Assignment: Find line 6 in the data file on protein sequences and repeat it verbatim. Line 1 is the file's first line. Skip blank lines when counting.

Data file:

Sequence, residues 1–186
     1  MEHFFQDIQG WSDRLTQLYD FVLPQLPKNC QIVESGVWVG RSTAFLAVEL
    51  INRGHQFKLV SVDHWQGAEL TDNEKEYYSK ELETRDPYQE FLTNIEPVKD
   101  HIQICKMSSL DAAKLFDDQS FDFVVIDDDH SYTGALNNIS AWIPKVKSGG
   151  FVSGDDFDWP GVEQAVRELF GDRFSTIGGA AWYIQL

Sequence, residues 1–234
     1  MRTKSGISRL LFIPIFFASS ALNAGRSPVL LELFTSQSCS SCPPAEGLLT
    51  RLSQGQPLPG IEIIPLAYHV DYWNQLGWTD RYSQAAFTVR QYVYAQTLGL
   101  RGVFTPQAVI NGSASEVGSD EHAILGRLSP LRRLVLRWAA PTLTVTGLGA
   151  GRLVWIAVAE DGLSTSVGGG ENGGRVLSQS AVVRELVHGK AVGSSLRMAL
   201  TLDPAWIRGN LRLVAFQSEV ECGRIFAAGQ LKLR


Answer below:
Sequence, residues 1–234